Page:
Net Worth: $1.4 Trillion
Source of Wealth: Oil
The Kingdom of Saudi Arabia is the largest Arab state in Western Asia. It was founded by Abdulaziz bin Abd al-Rahman Al Saud in 1932. The nation has been an absolute monarchy since its inception.
Before the inception of the kingdom of Saudi Arabia, the nation comprised of four regions. Also known as Ibn Saud, King Abdulaziz, united all the regions through a series of conquests, which began in 1902. He captured Riyadh in 1902. Since then the Saud family has been ruling Saudi Arabia. The family is also known as the House of Saud.
The UK has about 50 hereditary options in the line of succession for King of Queen. The house of Saud in Saudi Arabia has an estimated 15,000 members of the royal family vying for the throne. Around 2.000 members of the family control the majority of the wealth and power in the country.
In Saudi Arabia, the king is the ultimate authority. He combines legislative, executive and judicial functions. His royal decrees form the basis of the nation’s legislation.
In many countries, political leaders indulge in corruption by stealing from nation’s wealth. In Saudi Arabia, the king is the state. He need not steal what is already his. Corruption is bound to be inherent in such a system of governance.
The House of Saud Fortune – $1.4 Trillion
According to Saudi experts, the royal net worth is around $1.4 trillion. More than 10,000 princes use this wealth to wield their political influence and to keep the common folk at bay.
Advent of the internet and the social media has resulted in enhanced awareness. Dissention is brewing between the members of the royal family and the common man.
This may result in the common people attacking the royalty. This has been prevented by the members of the royal family paying people to favor the state. According to some political experts, this is only a temporary solution. They warn of growing distrust against the state.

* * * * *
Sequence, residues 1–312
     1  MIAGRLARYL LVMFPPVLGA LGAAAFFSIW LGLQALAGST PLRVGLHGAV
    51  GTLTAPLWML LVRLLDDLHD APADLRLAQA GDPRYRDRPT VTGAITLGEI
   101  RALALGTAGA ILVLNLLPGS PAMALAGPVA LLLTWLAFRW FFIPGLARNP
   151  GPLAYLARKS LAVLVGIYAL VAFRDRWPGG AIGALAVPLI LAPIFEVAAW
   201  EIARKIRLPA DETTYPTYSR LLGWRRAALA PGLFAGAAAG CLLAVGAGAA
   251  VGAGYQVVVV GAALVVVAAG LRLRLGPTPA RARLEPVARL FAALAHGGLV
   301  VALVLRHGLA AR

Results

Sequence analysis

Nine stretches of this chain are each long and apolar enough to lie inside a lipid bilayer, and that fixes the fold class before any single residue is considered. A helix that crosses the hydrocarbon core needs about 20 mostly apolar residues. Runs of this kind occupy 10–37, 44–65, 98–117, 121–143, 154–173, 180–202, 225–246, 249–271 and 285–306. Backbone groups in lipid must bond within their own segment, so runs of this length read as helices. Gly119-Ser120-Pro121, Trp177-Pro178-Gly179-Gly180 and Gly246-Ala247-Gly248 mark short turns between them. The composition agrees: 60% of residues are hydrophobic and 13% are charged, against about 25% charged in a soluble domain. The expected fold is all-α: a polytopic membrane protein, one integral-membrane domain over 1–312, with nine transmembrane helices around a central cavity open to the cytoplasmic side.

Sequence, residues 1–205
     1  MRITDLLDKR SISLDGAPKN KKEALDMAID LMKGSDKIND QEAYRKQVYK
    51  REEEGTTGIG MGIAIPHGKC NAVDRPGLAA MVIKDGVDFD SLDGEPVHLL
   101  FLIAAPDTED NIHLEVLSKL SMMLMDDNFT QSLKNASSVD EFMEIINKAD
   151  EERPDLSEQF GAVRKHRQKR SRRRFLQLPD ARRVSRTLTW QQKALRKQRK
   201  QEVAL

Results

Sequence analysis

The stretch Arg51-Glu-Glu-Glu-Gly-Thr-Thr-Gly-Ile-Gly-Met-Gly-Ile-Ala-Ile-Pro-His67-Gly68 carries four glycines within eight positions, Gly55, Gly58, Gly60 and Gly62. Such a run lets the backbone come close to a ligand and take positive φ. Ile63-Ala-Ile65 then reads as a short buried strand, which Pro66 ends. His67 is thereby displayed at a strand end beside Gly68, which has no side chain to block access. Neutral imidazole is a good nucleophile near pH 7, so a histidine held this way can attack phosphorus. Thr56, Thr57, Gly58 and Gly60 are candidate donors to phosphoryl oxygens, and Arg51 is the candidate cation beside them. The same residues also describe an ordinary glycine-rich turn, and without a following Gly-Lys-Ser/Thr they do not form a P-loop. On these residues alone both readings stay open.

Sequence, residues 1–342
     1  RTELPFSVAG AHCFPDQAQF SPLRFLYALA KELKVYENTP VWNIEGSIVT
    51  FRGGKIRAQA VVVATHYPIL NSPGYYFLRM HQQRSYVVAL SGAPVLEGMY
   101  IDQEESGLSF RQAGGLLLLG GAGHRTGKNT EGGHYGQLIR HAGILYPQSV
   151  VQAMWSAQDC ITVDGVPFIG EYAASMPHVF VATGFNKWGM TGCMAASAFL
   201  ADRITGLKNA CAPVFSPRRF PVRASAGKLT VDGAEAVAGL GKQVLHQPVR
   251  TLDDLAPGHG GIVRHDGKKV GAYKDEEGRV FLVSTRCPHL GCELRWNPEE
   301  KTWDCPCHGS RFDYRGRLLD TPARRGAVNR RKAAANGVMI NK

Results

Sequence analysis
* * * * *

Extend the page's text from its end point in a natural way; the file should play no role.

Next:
The sharing of family wealth has been a critical component in maintaining the semblance of a united front within the royal family. An essential part of family wealth is the Kingdom in its physical entirety, which the Al Saud views as a totally owned family asset.
During the reign of Fahd, the financial impact may have exceeded 40% of the Kingdom’s annual budget, through co-mingling of personal and state funds from lucrative government positions, huge land allocations, direct allotments of crude oil to sell in the open market, segmental controls in the economy, preferences for award of major contracts, cash handouts, and astronomical monthly allowances, all billed to the national exchequer.
The family earned immense wealth during the periods of high oil prices; in the late seventies, early eighties and immediately after the 2003 US invasion of Iraq. During these years, income of the state was more than its developmental needs and social obligations.
The current King Abdullah is intending to take steps to win the trust of his people. He is keen on reducing the Al Saud’s share of the budget. Even though this may lead to dissatisfaction in the royal family, it is the right move according to some experts.